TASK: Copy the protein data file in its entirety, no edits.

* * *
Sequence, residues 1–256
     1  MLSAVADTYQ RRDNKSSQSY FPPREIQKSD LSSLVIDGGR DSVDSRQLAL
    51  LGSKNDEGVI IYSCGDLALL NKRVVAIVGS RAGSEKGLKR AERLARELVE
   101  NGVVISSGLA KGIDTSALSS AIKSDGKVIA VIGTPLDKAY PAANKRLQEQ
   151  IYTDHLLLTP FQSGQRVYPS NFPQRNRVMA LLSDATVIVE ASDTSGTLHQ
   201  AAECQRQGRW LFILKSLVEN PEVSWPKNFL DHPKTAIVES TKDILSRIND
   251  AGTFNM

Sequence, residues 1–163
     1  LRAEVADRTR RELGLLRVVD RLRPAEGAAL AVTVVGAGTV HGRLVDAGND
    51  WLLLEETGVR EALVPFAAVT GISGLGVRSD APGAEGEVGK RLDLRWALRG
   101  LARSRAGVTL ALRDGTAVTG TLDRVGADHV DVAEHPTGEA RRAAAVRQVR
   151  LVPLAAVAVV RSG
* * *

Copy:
Sequence, residues 1–256
     1  MLSAVADTYQ RRDNKSSQSY FPPREIQKSD LSSLVIDGGR DSVDSRQLAL
    51  LGSKNDEGVI IYSCGDLALL NKRVVAIVGS RAGSEKGLKR AERLARELVE
   101  NGVVISSGLA KGIDTSALSS AIKSDGKVIA VIGTPLDKAY PAANKRLQEQ
   151  IYTDHLLLTP FQSGQRVYPS NFPQRNRVMA LLSDATVIVE ASDTSGTLHQ
   201  AAECQRQGRW LFILKSLVEN PEVSWPKNFL DHPKTAIVES TKDILSRIND
   251  AGTFNM

Sequence, residues 1–163
     1  LRAEVADRTR RELGLLRVVD RLRPAEGAAL AVTVVGAGTV HGRLVDAGND
    51  WLLLEETGVR EALVPFAAVT GISGLGVRSD APGAEGEVGK RLDLRWALRG
   101  LARSRAGVTL ALRDGTAVTG TLDRVGADHV DVAEHPTGEA RRAAAVRQVR
   151  LVPLAAVAVV RSG